Baker, Mona (2011) In Other Words: A Coursebook on Translation. London: Routledge.

Bosseaux, Charlotte (2004) 'Translating point of view: A corpus-based study', Language Matters, Volume 35 (1): 259-274.

Bosseaux, Charlotte (2006) 'Who's Afraid of Virginia┐s you: a corpus-based study of the French translations of The Waves', Meta 51(3): 599-610. Can be accessed at:
http://www.erudit.org/revue/meta/2006/v51/n3/013565ar.pdf

Eggins, Suzanne (1994) An Introduction to Systemic Functional Linguistics, London: Pinter Publishers.

Even-Zohar, Itamar (1990) 'The Position of Translated Literature within the Literary Polysystem', Poetics Today 11:45-51; reprinted in Venuti 2000:192-197 (Also in the 2004 edition).

Fawcett, Peter D. (1997) Translation and Language: Linguistic Theories Explained, Manchester: St. Jerome.

Hatim, Basil and Ian Mason (1997) The Translator as Communicator, London: Routledge.

Hermans, Theo (1999) Translation in Systems. Descriptive and Systemic Approaches Explained, Manchester: St. Jerome.

Hermans, Theo (2007) The Conference of the Tongues. Manchester: St.Jerome, 2007.

Holmes, James S. (1994 [1972]) 'The Name and Nature of Translation Studies'. In Translated! Papers on Literary Translation and Translation Studies, Amsterdam and Atlanta: Rodopi; reprinted in Venuti 2000:172-185 (Also in the 2004 edition).

Jakobson, Roman (1959) 'On Linguistic Aspects of Translation', in Reuben Brower (ed.) On Translation, Cambridge, Mass.: Harvard University Press; reprinted in Venuti 2000:113-118 (Also in the 2004 edition).

Katan, David (2008) 'Culture', in Mona Baker and Gabriela Saldanha (eds), The Routledge Encyclopedia of Translation Studies, 2nd revised and extended edition. London & New York: Routledge: 70-73.

Nida, Eugene (1964) 'Principles of Correspondence', in Toward a Science of Translating, Leiden: Brill, 156-171; reprinted in Venuti 2000: 126-140 (Also in the 2004 edition).

Nord, Christiane (1997) Translating as a Purposeful Activity. Functionalist Approaches Explained, Manchester: St. Jerome.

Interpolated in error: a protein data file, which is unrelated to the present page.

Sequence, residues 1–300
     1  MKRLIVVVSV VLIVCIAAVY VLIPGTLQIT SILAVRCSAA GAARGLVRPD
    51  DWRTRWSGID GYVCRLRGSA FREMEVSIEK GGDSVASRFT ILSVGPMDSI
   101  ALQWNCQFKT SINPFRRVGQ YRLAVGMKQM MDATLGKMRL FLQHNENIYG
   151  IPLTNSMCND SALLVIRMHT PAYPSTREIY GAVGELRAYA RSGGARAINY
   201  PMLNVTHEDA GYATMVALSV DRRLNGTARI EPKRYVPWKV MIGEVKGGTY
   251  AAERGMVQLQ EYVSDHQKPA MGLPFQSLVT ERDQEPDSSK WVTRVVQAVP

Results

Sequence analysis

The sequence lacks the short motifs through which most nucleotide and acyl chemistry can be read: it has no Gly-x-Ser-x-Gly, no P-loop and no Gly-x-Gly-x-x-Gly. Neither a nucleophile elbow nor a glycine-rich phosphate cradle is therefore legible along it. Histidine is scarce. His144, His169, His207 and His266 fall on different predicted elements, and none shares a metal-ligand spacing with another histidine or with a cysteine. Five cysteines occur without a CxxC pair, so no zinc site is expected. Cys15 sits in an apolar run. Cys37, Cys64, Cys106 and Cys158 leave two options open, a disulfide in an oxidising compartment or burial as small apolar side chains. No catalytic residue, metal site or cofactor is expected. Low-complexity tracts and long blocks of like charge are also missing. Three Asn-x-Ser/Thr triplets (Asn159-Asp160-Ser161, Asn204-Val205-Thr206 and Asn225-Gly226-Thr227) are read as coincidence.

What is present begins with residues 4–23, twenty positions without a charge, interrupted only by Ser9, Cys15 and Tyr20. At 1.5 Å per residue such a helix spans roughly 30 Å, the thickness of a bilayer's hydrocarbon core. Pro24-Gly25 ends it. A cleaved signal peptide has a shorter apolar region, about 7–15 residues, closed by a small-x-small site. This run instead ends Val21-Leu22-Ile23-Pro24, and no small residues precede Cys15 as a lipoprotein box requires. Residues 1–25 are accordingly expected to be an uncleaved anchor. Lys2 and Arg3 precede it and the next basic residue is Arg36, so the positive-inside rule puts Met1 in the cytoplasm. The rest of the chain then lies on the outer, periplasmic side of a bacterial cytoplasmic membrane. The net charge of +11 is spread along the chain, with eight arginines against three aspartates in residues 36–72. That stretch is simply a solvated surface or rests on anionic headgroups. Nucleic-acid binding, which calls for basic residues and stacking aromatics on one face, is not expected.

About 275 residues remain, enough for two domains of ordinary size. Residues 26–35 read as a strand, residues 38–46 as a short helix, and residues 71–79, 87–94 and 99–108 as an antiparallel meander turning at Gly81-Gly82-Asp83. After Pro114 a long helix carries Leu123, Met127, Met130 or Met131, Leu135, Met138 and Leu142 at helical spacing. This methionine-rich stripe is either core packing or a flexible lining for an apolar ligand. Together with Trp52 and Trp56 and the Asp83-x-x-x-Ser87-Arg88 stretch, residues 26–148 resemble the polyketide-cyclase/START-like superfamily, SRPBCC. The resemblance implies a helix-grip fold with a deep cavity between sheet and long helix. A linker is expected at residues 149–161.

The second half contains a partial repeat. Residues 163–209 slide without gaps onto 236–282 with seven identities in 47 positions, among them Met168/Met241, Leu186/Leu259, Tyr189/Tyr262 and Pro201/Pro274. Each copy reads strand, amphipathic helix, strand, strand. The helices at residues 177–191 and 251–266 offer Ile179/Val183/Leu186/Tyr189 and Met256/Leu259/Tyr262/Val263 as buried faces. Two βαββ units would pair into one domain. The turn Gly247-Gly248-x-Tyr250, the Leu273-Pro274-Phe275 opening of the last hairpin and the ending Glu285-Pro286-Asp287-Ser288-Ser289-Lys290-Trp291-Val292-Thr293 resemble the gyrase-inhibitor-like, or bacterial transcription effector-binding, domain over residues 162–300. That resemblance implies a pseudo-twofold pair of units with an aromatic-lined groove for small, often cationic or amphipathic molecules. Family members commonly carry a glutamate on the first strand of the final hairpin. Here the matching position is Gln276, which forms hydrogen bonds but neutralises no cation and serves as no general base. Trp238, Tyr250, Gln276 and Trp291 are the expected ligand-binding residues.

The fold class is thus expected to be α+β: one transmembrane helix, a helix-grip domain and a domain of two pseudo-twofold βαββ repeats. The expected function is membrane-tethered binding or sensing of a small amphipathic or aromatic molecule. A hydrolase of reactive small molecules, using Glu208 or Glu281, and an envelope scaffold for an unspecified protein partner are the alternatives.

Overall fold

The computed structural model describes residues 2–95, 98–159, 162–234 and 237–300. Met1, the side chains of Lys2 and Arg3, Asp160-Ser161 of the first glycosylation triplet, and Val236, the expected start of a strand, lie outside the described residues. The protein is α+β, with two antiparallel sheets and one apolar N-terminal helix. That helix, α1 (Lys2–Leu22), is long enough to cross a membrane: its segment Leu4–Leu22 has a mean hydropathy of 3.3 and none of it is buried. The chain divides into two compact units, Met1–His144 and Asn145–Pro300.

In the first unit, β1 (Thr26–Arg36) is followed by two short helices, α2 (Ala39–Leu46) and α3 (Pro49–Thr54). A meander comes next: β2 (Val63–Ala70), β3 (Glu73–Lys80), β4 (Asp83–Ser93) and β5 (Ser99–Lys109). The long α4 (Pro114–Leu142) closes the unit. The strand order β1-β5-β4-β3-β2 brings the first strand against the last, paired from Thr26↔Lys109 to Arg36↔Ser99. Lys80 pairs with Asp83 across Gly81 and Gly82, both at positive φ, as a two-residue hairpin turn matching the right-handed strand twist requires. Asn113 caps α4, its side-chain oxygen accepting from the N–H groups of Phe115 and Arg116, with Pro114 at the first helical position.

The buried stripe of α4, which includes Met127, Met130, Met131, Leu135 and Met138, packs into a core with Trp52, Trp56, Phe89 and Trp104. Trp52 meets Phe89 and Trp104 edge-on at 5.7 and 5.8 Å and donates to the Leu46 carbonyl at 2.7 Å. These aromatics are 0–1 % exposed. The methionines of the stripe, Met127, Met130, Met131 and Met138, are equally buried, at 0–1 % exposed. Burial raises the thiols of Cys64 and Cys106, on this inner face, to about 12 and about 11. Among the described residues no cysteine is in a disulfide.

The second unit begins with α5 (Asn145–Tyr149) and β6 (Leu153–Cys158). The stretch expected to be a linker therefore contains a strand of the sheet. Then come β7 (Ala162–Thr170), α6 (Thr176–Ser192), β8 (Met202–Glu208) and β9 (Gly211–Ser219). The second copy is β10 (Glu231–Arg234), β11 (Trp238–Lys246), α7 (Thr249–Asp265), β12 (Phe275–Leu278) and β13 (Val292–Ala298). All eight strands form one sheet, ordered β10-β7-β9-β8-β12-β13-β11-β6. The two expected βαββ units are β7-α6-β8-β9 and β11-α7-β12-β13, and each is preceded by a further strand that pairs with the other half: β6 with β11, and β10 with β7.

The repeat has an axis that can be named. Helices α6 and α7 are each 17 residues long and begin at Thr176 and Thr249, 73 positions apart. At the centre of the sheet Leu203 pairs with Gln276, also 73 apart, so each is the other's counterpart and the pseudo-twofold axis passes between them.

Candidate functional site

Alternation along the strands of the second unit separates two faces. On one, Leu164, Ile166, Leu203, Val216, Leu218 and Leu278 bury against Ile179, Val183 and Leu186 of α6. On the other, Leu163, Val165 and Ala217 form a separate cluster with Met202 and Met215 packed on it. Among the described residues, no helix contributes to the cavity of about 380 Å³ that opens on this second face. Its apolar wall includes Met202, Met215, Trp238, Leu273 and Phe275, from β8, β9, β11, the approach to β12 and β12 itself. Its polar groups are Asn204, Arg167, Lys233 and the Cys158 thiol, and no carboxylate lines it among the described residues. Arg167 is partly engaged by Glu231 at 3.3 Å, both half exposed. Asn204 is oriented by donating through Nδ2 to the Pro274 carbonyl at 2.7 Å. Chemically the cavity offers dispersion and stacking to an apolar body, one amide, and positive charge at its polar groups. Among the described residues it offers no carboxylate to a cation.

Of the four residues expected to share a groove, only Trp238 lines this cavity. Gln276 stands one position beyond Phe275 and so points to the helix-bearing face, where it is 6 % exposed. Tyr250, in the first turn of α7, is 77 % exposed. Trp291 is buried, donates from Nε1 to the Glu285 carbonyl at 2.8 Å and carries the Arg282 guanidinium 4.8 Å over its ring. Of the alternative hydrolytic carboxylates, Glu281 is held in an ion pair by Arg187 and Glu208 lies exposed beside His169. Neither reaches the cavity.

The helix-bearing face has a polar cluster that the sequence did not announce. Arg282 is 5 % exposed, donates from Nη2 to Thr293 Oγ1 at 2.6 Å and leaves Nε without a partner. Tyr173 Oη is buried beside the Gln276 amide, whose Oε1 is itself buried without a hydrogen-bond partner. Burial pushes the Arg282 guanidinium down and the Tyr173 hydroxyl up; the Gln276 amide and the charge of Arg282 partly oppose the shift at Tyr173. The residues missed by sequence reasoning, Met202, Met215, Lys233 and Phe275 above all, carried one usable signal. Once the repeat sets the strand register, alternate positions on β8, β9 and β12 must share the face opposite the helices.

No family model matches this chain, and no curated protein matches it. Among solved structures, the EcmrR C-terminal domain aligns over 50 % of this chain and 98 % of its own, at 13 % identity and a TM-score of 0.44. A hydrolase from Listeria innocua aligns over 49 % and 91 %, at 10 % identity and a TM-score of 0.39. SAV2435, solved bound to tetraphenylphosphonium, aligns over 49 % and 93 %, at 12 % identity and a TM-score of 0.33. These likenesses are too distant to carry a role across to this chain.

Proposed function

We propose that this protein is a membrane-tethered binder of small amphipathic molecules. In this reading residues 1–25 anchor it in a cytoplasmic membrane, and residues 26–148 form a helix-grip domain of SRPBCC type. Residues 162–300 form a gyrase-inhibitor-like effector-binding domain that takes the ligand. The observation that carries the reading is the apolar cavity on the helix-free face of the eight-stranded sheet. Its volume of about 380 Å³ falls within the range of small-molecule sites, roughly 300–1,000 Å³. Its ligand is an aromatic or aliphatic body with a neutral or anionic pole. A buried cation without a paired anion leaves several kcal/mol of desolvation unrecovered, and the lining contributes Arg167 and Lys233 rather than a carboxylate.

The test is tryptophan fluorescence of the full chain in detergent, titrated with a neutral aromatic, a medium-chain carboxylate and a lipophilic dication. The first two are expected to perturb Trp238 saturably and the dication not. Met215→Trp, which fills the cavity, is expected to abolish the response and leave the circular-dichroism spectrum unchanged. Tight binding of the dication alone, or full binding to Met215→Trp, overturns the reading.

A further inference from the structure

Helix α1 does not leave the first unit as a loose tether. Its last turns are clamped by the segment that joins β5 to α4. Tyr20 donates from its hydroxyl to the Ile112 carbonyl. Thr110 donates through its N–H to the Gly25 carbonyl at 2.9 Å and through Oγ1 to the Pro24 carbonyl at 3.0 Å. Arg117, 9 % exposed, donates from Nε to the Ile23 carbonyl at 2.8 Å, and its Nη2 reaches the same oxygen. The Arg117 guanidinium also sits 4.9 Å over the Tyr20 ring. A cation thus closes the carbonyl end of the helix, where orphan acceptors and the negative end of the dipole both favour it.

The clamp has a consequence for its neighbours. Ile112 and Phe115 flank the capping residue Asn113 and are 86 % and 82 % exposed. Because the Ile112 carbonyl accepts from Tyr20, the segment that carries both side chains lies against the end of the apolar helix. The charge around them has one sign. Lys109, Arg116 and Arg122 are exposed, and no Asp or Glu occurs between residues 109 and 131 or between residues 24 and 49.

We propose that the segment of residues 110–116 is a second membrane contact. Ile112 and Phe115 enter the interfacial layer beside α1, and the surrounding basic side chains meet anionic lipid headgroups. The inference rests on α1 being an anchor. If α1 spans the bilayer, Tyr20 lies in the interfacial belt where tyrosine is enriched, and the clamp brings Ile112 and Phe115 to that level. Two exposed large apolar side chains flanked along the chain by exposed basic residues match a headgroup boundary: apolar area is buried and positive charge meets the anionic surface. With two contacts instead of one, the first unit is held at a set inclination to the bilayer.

Reiss, Katharina (1981) 'Type, Kind and Individuality of Text: Decision Making in Translation', trans. Susan Kitron, Poetics Today 2(4):121-131; reprinted in Venuti 2000:160-171 (Also in the 2004 edition).

Shamma, Tarek (2009) Translation and the Manipulation of Difference: Arabic Literature in Nineteenth-century England, Manchester: St. Jerome: 49-85.

Toury, Gideon (1995) 'The Nature and Role of Norms in Translation', in Descriptive Translation Studies and Beyond, Amsterdam and Philadelphia: Benjamins, 53-69; reprinted in Venuti 2000:198-211 (Also in the 2004 edition).

Tymoczko, Maria (2000) 'Translation and Political Engagement: Activism, Social Change and the Role of Translation in Geopolitical Shifts', The Translator 6(1): 23-47.

Venuti, Lawrence (2010 [1993]) 'Translation as Cultural Politics: Regimes of Domestication in English', in Mona Baker (ed) Critical Readings in Translation Studies, London, New York: Routledge: 65-79.

Vermeer, Hans (1989) 'Skopos and Commission in Translational Action', in Andrew Chesterman (ed. and trans.) Readings in Translation Theory, Helsinki: Oy Finn Lectura Ob, 173-187; reprinted in Venuti 2000:221-232 (Also in the 2004 edition).

Vinay, Jean-Paul and Jean Darbelnet (1995 [1958]) 'A Methodology for Translation'. In Juan C. Sager and M.-J. Hamel (eds. and trans.) Comparative Stylistics of French and English: A Methodology for Translation, Amsterdam and Philadelphia: Benjamins, 31-42; reprinted in Venuti 2000:84-93 (Also in the 2004 edition).

Further general reading

Chesterman, Andrew and Emma Wagner (2002) Can Theory Help Translators? Manchester: St. Jerome.

Hatim, Basil and Jeremy Munday (2004) Translation: An Advanced Resource Book, London & New York: Routledge.

Mossop, Brian (2001) Revising and Editing for Translators, Manchester: St. Jerome.

Munday, Jeremy (ed) (2001 and 2008) Introducing Translation Studies: Theories and Applications, London & New York: Routledge.

Munday, Jeremy (ed) (2009) The Routledge Companion of Translation Studies, London & New York: Routledge.

Robinson, Douglas (1997) Becoming a Translator: An Accelerated Course, London: Routledge.

Venuti, Lawrence (ed) (2000 and 2004) The Translations Studies Reader, London and New York: Routledge.

Williams, Jenny and Andrew Chesterman (2002) The Map: A Beginner┐s Guide to Doing Research in Translation Studies, Manchester: St. Jerome.

Thinking Translation Series for a variety of languages, London and New York: Routledge.
Study Abroad Not entered
Study Pattern Not entered
KeywordsTS1
Contacts
Course organiserDr Sharon Deane-Cox
Tel: (0131 6)51 1373
Email: Sharon.Deane@ed.ac.uk
Course secretaryMiss Sarah Harvey
Tel: (0131 6)51 1822
Email: Sarah.Harvey@ed.ac.uk